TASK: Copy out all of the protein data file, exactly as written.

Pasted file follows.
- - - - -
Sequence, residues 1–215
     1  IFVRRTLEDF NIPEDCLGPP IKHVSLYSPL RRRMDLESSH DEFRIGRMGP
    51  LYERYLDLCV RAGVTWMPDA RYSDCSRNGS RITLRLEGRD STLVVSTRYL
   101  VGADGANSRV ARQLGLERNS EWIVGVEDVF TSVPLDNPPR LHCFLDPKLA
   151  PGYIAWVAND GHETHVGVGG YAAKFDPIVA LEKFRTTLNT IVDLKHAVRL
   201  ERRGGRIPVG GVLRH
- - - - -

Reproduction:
Sequence, residues 1–215
     1  IFVRRTLEDF NIPEDCLGPP IKHVSLYSPL RRRMDLESSH DEFRIGRMGP
    51  LYERYLDLCV RAGVTWMPDA RYSDCSRNGS RITLRLEGRD STLVVSTRYL
   101  VGADGANSRV ARQLGLERNS EWIVGVEDVF TSVPLDNPPR LHCFLDPKLA
   151  PGYIAWVAND GHETHVGVGG YAAKFDPIVA LEKFRTTLNT IVDLKHAVRL
   201  ERRGGRIPVG GVLRH